In my experience, the studyâs findings are true.
According to The Washington Post, the Vancouver School of Economics and McGill University have determined that people who live in rural areas and small towns are happier than those who live in congested urban and large metro areas.
McGillâs happiness researchers have found that the happiest communities have shorter commute times, less expensive housing, less transience and people who have a greater âsense of belongingâ in their communities.
In 2010, after working on a yearlong project in Washington, D.C., I moved back to a country house I own in the outskirts of Pittsburgh. The house is surrounded on all four sides by a large open space and a forest. I rented it to tenants for nearly 14 years, but decided it was time to move back to the country.
When I purchased the place in 1996, I dreamt of getting closer to nature. I envisioned myself working the fields with a hoe. I would fell trees and rebuild large stone walls with my bare hands. I would raise barns with other men, as women brought us sandwiches and cold beer. But reality quickly overcame such fantasies.
For starters, my rural neighbors were suspicious of me. I didnât yet own, nor had I ever fired, a gun. I drove a four-cylinder Japanese sedan. And I displayed incredible incompetence the first time I was confronted by aggressive ground bees. One neighbor told me the solution was to pour a half-cup of gasoline into the bee hole, then light it. I poured in two cups for good measure. I wisely moved the 2.5-gallon gasoline canister 10 feet away, then lit a match. It was then that I learned an important lesson about gasoline.
Gasoline doesnât burn. Gasoline fumes burn. They burn because they are FLAMMABLE! And they are especially flammable when you create a massive carburetor in a dirt hole in your planter.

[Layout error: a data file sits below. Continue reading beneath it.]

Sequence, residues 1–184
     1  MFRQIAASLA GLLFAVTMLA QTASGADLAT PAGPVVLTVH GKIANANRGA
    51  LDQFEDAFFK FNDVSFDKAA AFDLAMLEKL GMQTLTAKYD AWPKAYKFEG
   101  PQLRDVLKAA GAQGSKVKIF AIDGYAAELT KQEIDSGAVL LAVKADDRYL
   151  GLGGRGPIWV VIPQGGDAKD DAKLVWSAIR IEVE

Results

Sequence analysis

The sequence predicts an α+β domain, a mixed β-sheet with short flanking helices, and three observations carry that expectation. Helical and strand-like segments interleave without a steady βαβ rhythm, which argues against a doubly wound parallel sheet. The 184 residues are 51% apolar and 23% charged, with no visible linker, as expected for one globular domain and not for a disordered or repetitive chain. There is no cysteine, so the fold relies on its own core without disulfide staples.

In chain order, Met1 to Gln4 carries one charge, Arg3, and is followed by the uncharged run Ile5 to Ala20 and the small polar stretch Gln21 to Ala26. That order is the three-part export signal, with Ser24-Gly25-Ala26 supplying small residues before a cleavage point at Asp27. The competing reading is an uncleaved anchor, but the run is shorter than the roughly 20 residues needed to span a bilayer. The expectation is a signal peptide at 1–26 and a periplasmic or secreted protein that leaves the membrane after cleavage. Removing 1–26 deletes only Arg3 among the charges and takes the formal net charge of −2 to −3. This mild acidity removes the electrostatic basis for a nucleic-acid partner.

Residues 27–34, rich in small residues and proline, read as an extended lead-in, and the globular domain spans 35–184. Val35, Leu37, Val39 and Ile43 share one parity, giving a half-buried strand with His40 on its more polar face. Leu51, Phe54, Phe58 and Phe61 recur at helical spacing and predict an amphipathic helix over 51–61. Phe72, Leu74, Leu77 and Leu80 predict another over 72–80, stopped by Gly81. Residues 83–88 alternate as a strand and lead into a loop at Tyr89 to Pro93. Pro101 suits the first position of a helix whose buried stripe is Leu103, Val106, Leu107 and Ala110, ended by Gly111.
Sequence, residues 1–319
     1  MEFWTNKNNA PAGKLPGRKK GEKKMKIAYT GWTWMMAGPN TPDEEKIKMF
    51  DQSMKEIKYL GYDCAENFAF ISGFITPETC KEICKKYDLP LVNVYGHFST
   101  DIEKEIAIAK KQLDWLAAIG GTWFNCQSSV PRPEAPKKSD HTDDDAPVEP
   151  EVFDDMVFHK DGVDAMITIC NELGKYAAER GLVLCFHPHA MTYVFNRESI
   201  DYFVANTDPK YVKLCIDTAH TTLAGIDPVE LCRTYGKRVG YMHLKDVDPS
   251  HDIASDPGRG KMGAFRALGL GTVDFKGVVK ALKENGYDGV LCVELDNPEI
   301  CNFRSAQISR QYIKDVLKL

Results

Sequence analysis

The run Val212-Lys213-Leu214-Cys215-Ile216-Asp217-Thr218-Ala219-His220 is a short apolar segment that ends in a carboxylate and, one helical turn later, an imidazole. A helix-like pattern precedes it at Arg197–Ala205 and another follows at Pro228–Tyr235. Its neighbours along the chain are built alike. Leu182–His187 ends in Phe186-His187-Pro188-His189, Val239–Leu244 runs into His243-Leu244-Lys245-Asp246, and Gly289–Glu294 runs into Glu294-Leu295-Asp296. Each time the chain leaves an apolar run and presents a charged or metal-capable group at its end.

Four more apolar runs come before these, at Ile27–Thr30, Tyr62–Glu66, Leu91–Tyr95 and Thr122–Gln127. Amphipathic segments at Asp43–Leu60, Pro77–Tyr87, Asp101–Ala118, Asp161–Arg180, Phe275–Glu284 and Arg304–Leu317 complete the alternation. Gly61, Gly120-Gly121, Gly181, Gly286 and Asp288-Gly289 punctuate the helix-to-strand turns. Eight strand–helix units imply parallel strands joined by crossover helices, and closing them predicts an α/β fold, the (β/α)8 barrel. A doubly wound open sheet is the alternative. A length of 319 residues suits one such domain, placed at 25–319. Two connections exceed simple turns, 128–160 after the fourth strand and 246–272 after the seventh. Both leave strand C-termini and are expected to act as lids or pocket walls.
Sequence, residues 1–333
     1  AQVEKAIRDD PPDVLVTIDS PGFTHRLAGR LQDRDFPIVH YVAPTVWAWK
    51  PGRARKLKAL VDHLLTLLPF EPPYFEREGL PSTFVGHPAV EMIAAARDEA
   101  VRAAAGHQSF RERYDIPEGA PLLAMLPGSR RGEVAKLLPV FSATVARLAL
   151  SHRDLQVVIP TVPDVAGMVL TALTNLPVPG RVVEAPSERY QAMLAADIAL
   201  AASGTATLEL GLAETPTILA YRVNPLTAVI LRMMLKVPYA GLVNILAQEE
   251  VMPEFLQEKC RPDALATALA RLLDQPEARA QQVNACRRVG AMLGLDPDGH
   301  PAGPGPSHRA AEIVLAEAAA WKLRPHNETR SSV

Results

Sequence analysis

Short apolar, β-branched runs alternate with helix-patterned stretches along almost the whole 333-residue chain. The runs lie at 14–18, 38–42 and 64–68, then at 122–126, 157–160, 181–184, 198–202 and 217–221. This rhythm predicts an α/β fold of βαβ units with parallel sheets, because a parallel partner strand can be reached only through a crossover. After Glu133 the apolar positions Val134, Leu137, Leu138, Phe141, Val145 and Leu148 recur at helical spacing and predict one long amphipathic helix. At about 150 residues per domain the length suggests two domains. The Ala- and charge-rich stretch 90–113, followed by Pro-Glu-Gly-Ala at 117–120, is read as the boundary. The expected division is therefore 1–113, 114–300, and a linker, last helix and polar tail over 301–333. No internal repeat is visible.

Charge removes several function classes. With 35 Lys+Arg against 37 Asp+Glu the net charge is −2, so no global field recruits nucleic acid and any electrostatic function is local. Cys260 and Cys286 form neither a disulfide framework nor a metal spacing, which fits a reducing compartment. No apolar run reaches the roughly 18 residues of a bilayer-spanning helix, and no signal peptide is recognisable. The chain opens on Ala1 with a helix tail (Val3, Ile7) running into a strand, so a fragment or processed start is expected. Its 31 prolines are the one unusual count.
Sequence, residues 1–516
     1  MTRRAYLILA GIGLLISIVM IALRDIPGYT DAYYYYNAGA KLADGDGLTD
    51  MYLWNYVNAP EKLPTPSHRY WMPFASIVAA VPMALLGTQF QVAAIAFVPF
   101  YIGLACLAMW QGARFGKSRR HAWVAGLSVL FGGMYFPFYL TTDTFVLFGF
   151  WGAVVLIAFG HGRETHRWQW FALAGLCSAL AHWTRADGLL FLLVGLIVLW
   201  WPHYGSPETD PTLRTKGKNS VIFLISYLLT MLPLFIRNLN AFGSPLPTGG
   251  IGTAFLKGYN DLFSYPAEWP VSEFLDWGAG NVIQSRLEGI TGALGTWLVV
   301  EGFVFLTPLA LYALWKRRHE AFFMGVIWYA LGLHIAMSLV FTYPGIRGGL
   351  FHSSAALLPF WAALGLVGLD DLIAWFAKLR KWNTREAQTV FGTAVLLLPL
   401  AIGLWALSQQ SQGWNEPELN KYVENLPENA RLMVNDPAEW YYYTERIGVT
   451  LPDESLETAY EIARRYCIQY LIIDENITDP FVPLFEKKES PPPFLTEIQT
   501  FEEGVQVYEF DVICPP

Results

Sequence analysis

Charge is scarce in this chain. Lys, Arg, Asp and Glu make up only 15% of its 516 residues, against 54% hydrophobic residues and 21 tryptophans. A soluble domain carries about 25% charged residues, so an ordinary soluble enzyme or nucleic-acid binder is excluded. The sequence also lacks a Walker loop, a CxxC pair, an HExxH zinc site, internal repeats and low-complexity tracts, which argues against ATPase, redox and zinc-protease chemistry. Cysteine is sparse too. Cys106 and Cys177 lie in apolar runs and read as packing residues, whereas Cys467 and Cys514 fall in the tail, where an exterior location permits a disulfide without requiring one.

As I neared the hole, I heard a giant âWOOOOF,â the sound gasoline fumes make when they explode. A 15-foot flame shot up the side of my freshly painted house. But I was more concerned about the flame that was now coming out of the air hole on the top of the 2.5-gallon gasoline canister I had wisely sat 10 feet away. I grabbed the giant Molotov cocktail and launched it as far from the house as I could, causing an explosion that would fill an al-Qaida trainee with envy. It took me an hour to douse all the flames and keep the countryside from burning down.
These are just some of the many failed confrontations Iâve had with nature at my little country house. I havenât mentioned the snake incident, my war with the groundhogs or the great wild-turkey-destroying-my-mulch-looking-for-grubs incident of more recent years.
But Iâm straying from the central point.
The essential finding of the McGill study is that greater happiness correlates with lower population density, where, in a nutshell, people are more rooted, expenses are lower and the pace of life is much more manageable.
The Post reports that the âfindings comport with similar studies done in the United States, which have revealed a ârural-urban happiness gradient:â The farther away from cities people live, the happier they tend to be.â
That makes sense to me. I drive a 4x4 truck now, shoot guns and have become expert at dealing with ground bees.
Iâve grown to love country living, though some of my neighbors are still suspicious of me, âthe writer who works from home.â
They think Iâm in the witness protection program.
Tom Purcell, author of âMisadventures of a 1970âs Childhood,â a humorous memoir available at amazon.com, is a Pittsburgh Tribune-Review humor columnist